Tags: Israel | Gaza | weapons | factories

Israel Warns of New Gaza Assault After Aerial Strikes

Friday, 02 Apr 2010 08:51 AM


JERUSALEM — Israel on Friday threatened a widescale military operation against the Gaza Strip after a string of air strikes which injured three Palestinian children following rocket attacks from the enclave.

Israel's deputy prime minister, Silvan Shalom, warned that the military would soon launch a new offensive on the Hamas-ruled Gaza Strip unless the rocket fire was halted.

"If this rocket fire against Israel does not stop, it seems we will have to raise the level of our activity and step up our actions against Hamas," Shalom told public radio.

Three Palestinian children -- aged two, four and 11 -- were hit by flying glass in one of the six overnight raids, said Moawiya Hassanein, head of the Palestinian emergency services in Gaza.

There were no other reports of casualties.

The head of the Islamist Hamas movement's government in the Gaza Strip, Ismail Haniya, reacted by blaming the Jewish state for the increase in tensions.

"We call on the international community to intervene to stop this escalation and Israeli aggression," Haniya said in a statement.

Hamas is under growing pressure from competing Palestinian terrorist factions to renew attacks on Israel from Gaza, and will likely resume terrorism soon, according to the latest assessments within the defense establishment.

The video footage released on Wednesday of the clash in the southern Gaza Strip last Friday during which a Golani Brigade officer and a second soldier were killed, as well as Hamas’s persistent claim that its fighters and not Islamic Jihad’s were behind the attack, is viewed by the defense establishment as an indication that Hamas may be planning to renew its attacks.

Since Operation Cast Lead in the Gaza Strip last winter, Hamas has mostly refrained from attacks. It has altogether stopped its rocket attacks – although other terrorist factions have fired intermittently. It has, however, reserved for itself the right to attack along the Gaza border.

The pressure on Hamas is believed to be coming from three main sources: the Palestinian street, radical Palestinian terrorist groups that are affiliated with al-Qaida and which continue to attack Israel, and finally, mid-level Hamas military commanders who are frustrated with the organization’s decision to hold its fire.

While Hamas has yet to completely resume its attacks, it is continuing to rebuild its military infrastructure in the Gaza Strip and to smuggle in advanced weaponry.

An example was revealed on Thursday when Egyptian security forces announced that they had discovered a massive arms cache in the central Sinai Peninsula that was probably on its way to Hamas in Gaza. The cache, according to Egyptian media reports, included 100 anti-aircraft missiles, likely to be shoulder-launched, as well as 40 rocket-propelled grenades and 40 other explosive devices.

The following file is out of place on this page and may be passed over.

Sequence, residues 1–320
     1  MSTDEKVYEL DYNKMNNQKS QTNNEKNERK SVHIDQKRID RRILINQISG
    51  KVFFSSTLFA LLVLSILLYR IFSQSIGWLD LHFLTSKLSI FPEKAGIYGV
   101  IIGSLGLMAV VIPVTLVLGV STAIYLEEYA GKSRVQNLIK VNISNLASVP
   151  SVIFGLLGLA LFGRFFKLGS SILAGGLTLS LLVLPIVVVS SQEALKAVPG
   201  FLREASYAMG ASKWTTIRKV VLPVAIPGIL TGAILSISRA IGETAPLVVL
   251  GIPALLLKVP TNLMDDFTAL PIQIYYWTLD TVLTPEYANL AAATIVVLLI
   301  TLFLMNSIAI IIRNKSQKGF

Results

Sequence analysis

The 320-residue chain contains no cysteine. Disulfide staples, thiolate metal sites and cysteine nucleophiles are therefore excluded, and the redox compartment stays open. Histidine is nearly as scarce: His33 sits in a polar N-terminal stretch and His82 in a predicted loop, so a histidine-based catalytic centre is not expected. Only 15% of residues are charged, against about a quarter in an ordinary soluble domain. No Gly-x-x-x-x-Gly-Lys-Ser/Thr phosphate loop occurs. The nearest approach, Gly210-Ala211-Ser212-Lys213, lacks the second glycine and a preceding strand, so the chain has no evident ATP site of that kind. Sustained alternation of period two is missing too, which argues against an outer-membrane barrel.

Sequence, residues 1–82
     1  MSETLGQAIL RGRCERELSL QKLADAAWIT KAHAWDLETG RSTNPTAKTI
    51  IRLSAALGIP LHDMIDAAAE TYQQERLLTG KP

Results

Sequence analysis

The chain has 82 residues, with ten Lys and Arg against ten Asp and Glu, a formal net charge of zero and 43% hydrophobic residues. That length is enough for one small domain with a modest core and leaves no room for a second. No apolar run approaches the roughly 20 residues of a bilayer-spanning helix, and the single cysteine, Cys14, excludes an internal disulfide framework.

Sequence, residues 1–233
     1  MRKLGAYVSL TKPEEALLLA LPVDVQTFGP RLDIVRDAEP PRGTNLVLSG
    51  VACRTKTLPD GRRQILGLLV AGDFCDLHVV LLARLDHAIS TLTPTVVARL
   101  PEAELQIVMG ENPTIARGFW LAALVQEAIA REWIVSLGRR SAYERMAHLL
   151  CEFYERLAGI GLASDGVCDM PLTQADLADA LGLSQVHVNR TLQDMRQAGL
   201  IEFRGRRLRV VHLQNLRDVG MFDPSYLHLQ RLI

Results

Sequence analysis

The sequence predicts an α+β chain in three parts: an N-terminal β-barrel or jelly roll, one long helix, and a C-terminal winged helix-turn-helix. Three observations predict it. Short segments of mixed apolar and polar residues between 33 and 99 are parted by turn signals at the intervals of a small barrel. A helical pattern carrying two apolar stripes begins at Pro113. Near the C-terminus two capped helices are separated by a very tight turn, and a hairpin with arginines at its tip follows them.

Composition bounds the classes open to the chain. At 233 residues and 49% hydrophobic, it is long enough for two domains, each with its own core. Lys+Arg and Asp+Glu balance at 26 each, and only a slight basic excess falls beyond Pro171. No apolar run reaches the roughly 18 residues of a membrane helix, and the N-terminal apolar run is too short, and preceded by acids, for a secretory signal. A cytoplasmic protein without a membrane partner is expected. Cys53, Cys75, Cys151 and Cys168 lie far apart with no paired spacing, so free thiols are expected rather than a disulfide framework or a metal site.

Hamas was believed to already have shoulder-to-air missiles before Cast Lead, but they were not used, leading Israeli intelligence analysts to conclude that while it had obtained the missiles, Hamas did not have a chance to train its fighters to use them before the IDF offensive. The same applied to anti-tank missiles.

Israel now believes that Hamas has trained its men to use the advanced weaponry, mostly by sending them to Iran and Lebanon.

News of the cache discovery comes after Egypt recently began a nationwide crackdown on Hamas’s smuggling industry and expanded its efforts to its southern border with Sudan, where trucks make their way from port cities along Africa’s Red Sea coast to the Philadelphi Corridor between Sinai and Gaza.

One of the main routes used by Iran to smuggle weapons to Hamas in the Strip starts at sea, with ships that dock in ports in Eritrea and Sudan. The cargo is transferred to trucks that travel through the Sudanese desert, up thorough Egypt and the Sinai Peninsula until they unload their cargo along the Philadelphi Corridor, a 14-kilometer strip along the Gaza border which is home to hundreds of smuggling tunnels used by Hamas to bring weaponry and explosives to the Strip.

Russian Foreign Minister Sergei Lavrov, for his part, on Thursday called on Hamas to stop firing rockets into Israel.

Speaking to Hamas’s leader in Syria, Khaled Mashaal, Lavrov said the organization must stop the “unconscionable firing of rockets from the Gaza Strip into southern Israel.”

Mashaal said in response that the Hamas leadership had decided to “maintain the calm, and is not interested in escalating the tension.”

He promised that his organization would take “appropriate measures to prevent the rocket fire.”

Meanwhile Thursday, the Shin Bet (Israel Security Agency) released its monthly report on March and noted an increase in Palestinian terrorism which it attributed to the recent violent demonstrations in Jerusalem.

In total, 125 terror attacks were recorded in March in comparison to 53 in February. The major increase was recorded in Jerusalem and along the Gaza border where in addition to the IDF troops, a Thai worker was also killed.

In Jerusalem, 27 attacks were recorded in contrast to three in February. Sixty-two attacks were recorded in the West Bank in contrast to 37 in the previous month. In total, 54 Molotov cocktails were thrown in the West Bank and another 25 in Jerusalem.

A man was wounded in his head Tursday night by a stone hurled at his car while driving by the Chawara checkpoint near Yitzhar. He was evacuated in light condition for medical attention.

AFP contributed to this report.




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